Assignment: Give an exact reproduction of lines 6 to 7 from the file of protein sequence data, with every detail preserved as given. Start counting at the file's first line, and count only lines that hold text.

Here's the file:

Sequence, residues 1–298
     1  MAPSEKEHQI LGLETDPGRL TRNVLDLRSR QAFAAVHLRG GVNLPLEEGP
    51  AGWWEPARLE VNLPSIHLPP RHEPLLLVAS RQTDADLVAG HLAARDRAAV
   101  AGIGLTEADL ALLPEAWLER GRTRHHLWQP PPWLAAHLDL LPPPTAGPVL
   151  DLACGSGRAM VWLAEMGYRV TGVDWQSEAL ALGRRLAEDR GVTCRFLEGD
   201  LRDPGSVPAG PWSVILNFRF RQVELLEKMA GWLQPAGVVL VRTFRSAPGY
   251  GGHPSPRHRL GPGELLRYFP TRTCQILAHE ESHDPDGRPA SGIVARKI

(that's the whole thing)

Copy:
   201  LRDPGSVPAG PWSVILNFRF RQVELLEKMA GWLQPAGVVL VRTFRSAPGY
   251  GGHPSPRHRL GPGELLRYFP TRTCQILAHE ESHDPDGRPA SGIVARKI